A 6 May general election is "practically inevitable" and a "no-brainer", political commentators said today as Gordon Brown confirmed 24 March as Budget day.
Holding the general election on 6 May would save money and the efforts of activists as it coincides with local elections in England, according to experts.
The move could also help Labour, whose success depends to a "massive extent" on getting its core vote out, one opinion pollster said.
"The people who are in the demographic groups who are most likely to vote Labour at the moment are more than twice as likely to say that they won't vote as people in the higher income brackets," said Andrew Hawkins, executive chairman of ComRes, the research and polling organisation.
"If you take the Labour seats where the incumbents have been caught out in the expenses scandal and they are trying to clear their name, they need all the votes that they can possibly get.
"The best way to do that is to coincide with the local elections."
He added: "It seems inconceivable that a decision on any day other than 6 May would be at all defensible, not least for the Labour activists who would otherwise be required to canvass for two elections, and, of course, the cost of running an election at a different time from the general election.
"I have confirmed my hotel reservation for 6 May in central London."
He added that the publication of first-quarter growth figures in the last fortnight of the campaign for a 6 May general election could prove crucial.
"In all the polling we are doing publicly and privately, the economy is the number one issue," he said.
Peter Kellner, president of the YouGov polling organisation, said he believed a 6 May general election date, the same day as the local elections, was now "practically inevitable" and a "no-brainer".
He added that he did not believe Chancellor Alistair Darling would set out "anything particularly new" in measures concerning taxation in his Budget.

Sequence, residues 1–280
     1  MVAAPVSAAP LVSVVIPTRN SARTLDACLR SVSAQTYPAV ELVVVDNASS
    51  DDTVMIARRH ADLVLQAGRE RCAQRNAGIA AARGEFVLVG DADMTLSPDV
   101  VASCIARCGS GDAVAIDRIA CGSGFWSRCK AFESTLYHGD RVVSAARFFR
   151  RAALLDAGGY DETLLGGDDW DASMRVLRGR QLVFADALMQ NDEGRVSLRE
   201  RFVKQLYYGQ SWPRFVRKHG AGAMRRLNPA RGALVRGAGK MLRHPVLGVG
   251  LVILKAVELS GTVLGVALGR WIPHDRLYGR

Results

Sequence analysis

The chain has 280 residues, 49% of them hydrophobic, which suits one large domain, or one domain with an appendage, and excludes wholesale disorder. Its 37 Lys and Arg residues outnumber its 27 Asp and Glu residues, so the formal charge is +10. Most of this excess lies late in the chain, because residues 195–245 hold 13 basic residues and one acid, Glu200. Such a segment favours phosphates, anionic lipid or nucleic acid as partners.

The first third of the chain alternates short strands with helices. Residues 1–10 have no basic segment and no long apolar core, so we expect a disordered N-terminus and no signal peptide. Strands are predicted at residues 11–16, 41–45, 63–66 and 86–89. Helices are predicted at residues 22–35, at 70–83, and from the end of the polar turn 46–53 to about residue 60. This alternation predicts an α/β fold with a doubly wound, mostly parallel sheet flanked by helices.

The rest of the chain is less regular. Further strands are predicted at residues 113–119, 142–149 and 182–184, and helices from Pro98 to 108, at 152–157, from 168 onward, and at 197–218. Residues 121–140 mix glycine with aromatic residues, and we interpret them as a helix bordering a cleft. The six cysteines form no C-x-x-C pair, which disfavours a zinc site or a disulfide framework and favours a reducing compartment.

"The political part of the Budget will be about public spending and making a case for saying that Labour's economic strategy will bring the deficit down in an orderly manner without creating damage to the public services," he said.
He added that if growth figures for the first quarter of the year - to be released in late April - showed a "double dip", this would be bad for Labour.
Figures showing "fragile" recovery would perhaps be the best outcome for Labour, he said, as voters might decide that changing the Government would imperil this, he said.
Political blogger Iain Dale, a Conservative candidate at the last election, said a 6 May date would be a gamble.
"People will have the full effects of tax rises which come into force in April. They will look at their wage packets at the end of April which will be a lot lighter than at the end of March," he said.
"Also the GDP figures will come out... who knows what the political consequences of that could be? It is a risky date, but, frankly, they cannot afford to have two separate elections because they are bankrupt."
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